Document 11416090

• European standards - standards whose use is not
usually mandatory, although it may be required
by being referenced in a TSI or a RGS. In the
UK, ENs are published by the British Standards
Institute (BSI) and are prefixed by ‘BS EN’. ENs are
either standalone or harmonised with a European
Directive or a TSI. In this latter case, adoption of the
EN provides a presumption of conformity with the
Directive or the TSI.
There are also arrangements in place for deviating from
standards if their use is mandatory (a deviation is a
permission to do something different from the standard in
specific circumstances).
• Rail Industry Standards (RISs) – produced at the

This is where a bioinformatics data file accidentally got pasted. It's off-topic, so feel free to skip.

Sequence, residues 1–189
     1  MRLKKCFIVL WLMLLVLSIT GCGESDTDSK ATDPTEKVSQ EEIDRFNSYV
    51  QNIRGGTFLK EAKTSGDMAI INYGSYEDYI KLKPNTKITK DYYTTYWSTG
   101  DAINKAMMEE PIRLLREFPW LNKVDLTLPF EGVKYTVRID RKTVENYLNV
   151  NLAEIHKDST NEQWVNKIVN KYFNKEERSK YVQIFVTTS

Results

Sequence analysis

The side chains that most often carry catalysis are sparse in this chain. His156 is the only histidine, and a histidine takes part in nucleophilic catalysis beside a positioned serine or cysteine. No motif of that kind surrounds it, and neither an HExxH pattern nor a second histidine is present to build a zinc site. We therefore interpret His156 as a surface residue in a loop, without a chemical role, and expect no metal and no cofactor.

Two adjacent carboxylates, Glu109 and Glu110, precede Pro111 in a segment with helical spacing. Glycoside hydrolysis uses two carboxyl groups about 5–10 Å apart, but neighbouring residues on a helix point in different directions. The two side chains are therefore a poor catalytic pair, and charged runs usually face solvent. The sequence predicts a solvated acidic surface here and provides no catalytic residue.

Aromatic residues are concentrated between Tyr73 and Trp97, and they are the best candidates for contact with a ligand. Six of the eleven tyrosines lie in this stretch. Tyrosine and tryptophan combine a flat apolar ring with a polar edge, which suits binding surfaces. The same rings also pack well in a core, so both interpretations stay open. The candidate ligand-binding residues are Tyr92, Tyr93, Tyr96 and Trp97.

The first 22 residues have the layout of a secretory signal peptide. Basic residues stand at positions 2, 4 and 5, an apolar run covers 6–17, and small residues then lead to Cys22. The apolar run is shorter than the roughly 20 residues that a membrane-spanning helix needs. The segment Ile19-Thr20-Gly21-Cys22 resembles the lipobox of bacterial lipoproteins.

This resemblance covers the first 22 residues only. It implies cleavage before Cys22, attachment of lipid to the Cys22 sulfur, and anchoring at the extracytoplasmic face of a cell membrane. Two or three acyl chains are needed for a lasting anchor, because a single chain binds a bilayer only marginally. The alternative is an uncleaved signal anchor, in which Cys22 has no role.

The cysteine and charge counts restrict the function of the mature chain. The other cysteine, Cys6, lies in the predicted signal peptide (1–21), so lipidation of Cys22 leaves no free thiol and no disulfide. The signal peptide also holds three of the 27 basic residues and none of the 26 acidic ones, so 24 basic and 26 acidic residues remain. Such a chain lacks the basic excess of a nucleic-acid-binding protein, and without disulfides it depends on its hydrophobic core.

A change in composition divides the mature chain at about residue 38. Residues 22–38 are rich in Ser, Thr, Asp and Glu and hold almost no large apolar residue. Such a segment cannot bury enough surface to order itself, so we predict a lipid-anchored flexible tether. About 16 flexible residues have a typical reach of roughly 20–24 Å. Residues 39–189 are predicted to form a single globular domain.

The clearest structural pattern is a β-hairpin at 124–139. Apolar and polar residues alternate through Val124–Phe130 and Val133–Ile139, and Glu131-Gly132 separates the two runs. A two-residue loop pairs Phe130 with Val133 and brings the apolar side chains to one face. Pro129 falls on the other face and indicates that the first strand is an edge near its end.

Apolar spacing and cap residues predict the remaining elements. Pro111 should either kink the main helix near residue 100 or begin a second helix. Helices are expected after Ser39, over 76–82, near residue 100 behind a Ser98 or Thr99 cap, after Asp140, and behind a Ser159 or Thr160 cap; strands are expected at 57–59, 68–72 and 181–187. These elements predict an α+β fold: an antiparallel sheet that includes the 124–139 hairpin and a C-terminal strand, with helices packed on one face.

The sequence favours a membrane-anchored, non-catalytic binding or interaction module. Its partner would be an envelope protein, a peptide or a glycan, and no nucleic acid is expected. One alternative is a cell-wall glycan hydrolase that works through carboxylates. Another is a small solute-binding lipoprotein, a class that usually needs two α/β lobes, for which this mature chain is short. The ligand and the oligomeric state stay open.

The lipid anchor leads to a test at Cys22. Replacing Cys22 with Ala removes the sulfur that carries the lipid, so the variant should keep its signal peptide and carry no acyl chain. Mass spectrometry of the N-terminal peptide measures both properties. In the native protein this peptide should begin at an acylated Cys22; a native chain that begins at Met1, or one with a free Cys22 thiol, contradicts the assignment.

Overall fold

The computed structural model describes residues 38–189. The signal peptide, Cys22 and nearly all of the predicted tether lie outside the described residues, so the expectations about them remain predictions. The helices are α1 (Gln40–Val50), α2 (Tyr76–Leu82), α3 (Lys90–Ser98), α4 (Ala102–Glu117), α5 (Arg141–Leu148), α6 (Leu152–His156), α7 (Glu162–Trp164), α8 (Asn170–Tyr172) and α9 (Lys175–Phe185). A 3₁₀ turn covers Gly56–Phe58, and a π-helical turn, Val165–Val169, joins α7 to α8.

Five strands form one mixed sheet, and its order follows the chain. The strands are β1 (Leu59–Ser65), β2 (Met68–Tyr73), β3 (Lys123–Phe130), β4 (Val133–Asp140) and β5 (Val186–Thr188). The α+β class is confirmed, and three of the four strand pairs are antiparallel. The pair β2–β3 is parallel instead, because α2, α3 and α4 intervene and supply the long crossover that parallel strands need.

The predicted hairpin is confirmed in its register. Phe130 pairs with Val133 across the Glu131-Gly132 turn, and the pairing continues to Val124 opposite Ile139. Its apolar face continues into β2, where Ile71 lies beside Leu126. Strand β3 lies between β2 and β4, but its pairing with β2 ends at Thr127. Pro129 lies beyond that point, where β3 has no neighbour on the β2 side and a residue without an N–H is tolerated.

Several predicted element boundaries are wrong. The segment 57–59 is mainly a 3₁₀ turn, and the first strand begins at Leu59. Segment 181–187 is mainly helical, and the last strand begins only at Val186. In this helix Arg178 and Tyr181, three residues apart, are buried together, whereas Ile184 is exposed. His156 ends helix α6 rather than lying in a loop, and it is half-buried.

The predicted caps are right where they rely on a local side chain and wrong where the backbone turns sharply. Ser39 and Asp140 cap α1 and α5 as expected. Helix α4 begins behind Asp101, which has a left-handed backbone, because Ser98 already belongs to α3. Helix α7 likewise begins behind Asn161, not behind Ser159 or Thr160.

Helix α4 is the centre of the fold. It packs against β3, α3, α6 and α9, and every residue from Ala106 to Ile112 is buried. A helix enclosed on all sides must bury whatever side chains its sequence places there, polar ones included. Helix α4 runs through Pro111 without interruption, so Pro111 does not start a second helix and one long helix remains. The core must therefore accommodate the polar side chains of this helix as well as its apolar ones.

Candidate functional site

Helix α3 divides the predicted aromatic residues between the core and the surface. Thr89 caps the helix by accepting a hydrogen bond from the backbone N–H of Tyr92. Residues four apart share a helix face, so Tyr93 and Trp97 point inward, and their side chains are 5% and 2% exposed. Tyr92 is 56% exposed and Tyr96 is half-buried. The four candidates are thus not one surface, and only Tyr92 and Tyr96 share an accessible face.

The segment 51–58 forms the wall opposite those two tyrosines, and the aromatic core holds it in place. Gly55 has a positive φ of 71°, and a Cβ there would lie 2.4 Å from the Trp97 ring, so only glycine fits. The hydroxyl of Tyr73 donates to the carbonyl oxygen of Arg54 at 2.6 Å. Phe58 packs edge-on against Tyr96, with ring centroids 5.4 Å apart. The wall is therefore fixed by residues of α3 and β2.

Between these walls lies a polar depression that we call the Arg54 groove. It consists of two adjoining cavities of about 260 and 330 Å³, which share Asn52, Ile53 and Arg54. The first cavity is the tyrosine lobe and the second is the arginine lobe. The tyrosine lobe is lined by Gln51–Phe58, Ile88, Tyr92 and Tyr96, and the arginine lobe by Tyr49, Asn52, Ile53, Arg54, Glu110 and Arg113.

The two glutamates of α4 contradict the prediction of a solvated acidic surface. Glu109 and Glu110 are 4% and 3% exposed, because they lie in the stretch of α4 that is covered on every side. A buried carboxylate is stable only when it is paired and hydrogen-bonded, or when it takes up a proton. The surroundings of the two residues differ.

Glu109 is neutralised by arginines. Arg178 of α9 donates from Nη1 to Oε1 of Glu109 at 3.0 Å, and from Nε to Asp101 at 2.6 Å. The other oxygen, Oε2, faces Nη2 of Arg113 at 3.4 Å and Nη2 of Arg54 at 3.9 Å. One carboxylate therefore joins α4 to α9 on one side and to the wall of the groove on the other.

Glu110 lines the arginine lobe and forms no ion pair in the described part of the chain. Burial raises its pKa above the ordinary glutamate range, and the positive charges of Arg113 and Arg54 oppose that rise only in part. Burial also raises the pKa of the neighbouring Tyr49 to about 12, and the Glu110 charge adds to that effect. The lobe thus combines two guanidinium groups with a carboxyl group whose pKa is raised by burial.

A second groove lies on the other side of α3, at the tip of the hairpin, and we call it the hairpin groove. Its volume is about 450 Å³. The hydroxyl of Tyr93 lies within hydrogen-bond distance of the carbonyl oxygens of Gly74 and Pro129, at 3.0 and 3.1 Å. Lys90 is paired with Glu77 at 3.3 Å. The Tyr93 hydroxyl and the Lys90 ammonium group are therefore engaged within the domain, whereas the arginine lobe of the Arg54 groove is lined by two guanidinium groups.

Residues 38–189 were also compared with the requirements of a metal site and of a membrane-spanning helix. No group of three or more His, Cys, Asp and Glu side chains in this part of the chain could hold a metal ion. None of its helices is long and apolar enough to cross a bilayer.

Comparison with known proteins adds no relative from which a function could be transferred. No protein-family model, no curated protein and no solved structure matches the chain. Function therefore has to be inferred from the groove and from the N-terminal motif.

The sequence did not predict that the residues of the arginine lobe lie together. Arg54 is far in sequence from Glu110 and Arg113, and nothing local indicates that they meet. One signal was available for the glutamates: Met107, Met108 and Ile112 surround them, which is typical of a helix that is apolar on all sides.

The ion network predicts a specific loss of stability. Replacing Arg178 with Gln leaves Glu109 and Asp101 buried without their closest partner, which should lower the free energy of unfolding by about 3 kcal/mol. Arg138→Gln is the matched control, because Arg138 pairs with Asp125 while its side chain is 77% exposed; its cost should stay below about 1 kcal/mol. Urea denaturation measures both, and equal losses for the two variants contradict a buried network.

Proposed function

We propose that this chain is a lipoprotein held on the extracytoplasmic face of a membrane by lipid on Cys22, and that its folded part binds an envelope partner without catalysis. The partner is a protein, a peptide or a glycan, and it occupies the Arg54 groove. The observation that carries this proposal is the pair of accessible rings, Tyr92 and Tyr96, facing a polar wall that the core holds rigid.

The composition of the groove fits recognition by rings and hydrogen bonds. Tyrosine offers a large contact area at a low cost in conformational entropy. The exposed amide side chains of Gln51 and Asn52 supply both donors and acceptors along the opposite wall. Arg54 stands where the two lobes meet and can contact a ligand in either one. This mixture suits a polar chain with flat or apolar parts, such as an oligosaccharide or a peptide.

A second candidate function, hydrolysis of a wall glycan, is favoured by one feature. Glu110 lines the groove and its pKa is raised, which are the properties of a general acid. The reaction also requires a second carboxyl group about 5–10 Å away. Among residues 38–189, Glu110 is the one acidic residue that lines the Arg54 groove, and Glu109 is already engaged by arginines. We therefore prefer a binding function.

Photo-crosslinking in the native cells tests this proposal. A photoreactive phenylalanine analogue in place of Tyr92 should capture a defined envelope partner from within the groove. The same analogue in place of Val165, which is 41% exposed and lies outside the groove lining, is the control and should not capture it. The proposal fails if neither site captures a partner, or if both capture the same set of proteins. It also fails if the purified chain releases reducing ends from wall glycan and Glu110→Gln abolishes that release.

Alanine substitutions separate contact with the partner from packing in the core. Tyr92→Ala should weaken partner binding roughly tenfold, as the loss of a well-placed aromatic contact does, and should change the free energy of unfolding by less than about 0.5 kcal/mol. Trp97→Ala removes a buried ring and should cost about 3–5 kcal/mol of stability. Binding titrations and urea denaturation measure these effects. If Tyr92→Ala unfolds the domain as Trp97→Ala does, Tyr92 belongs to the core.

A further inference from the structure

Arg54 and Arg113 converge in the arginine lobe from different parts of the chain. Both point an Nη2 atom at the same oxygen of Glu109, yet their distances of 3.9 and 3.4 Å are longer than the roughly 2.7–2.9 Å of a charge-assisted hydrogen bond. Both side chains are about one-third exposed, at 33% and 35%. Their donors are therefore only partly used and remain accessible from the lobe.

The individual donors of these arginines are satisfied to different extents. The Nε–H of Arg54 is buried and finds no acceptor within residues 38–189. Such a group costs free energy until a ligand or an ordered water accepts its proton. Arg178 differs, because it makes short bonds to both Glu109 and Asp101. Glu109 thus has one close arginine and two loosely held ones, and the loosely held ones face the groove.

request of industry where there are expected
to be benefits from different companies using a
common standard. They can be adopted by industry
members, usually as company standards. RISs
have two uses: as a standalone standard or as a
standard harmonised with an RGS. In both cases, an
organisation should make clear what parts of the RIS
it is adopting and how it is going to do this.
Further information
• Rail Industry Approved Codes of Practice (RACOPs)
– provide an industry approved method of meeting
requirements in an RGS. RACOPs will be replaced
by RISs or other suitable documents, as the need for
change arises.
• The BSI website (
• Rail Industry Guidance Note (GNs) – provide useful
information or recognised good practice. Many GNs
support the use of a particular RGS.